The added flexibility makes it easier to adapt chassis designs, especially for hybrid or all-electric powertrains.

Remember when the scope of McLaren production vehicles could be counted on just one finger? These days things are a bit different; the company currently offers a range of models and that could well be expanding, or at the very least, evolving to accommodate more variation in future road cars.

Lost among the build-up and excitement of McLaren's 720S debut at the 2017 Geneva Motor Show was an announcement of the manufacturer’s new Composites Technology Center, located near the Advanced Manufacturing Research Center at the University of Sheffield in the United Kingdom. This facility will house both the development and manufacturing of McLaren’s Monocell and Monocage carbon fiber chassis, for use on a range of future vehicles.

 

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Speaking to Car and Driver during the 2017 Geneva Motor Show, McLaren CEO Mike Flewitt said the new tubs will be easier to adapt and evolve. This will allow the manufacturer to better fit various designs, and notably, powertrain arrangements for future hybrid and all-electric vehicles. According to Car and Driver, the company is planning to build a full-on EV test mule that will gauge interest in a silent supercar for McLaren buyers.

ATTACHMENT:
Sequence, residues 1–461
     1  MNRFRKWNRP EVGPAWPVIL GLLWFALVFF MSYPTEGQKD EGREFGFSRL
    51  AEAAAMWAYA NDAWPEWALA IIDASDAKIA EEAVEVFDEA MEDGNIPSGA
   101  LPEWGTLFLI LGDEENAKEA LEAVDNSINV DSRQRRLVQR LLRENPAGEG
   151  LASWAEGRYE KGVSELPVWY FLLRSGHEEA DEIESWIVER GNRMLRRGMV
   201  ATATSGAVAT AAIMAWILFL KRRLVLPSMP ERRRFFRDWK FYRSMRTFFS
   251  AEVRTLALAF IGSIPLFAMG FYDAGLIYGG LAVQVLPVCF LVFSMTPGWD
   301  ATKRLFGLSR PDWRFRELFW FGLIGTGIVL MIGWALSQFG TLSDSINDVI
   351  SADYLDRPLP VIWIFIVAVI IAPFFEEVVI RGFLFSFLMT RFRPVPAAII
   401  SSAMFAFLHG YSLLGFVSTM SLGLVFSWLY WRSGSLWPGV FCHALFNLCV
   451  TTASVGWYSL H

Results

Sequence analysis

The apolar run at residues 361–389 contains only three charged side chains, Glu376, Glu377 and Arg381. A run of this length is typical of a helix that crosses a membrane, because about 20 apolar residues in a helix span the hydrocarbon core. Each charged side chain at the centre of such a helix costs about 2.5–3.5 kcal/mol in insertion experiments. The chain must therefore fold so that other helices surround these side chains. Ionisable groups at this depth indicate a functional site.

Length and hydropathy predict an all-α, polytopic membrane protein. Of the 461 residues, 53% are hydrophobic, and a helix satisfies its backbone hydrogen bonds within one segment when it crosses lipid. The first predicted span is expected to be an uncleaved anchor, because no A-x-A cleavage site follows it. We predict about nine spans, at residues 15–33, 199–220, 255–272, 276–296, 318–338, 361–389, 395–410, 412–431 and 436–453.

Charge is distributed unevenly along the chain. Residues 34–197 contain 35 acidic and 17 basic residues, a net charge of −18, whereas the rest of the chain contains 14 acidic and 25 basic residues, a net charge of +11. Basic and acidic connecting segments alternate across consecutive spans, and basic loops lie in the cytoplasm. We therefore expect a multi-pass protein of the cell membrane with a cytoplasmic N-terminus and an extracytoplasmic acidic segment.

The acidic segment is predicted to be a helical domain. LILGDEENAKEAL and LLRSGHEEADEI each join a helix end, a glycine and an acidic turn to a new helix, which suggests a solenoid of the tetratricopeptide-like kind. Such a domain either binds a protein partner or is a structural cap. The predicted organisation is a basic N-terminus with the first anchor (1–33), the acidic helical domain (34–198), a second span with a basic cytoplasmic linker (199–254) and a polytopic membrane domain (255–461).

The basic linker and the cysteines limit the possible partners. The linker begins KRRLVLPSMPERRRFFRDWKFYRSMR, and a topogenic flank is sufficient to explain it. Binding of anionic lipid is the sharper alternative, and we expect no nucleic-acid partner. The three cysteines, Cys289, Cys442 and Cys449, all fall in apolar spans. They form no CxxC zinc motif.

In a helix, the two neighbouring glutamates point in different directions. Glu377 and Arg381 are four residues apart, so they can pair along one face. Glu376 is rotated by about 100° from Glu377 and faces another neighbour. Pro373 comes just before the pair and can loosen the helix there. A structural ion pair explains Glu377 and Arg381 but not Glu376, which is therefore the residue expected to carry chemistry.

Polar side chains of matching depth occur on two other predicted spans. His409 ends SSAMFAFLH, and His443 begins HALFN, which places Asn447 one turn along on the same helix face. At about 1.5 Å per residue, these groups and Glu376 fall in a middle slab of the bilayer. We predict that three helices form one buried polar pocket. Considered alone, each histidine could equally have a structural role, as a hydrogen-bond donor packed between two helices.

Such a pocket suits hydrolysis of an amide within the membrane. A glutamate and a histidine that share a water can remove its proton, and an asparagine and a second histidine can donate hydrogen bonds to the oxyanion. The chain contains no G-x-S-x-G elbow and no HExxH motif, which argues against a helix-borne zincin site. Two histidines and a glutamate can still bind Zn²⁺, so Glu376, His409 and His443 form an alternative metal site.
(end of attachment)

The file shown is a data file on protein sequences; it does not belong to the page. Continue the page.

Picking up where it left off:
With the vast majority of the company’s road-going venture occurring in recent years, it’s easy to forget that McLaren has actually been around for over 50 years. Much of that time was obviously devoted exclusively to racing, and then there was that one project car in the 1990s called the F1. If you’re only going to build one car, may as well go way past the boundaries of awesome.

McLaren’s new Composites Technology Center will encompass approximately 75,000 square feet and employ 200 people. The first pre-production carbon fiber chassis is planned for delivery to McLaren in the second half of 2017, with full production slated to begin by 2020.

Source: McLaren, Car and Driver

 

 

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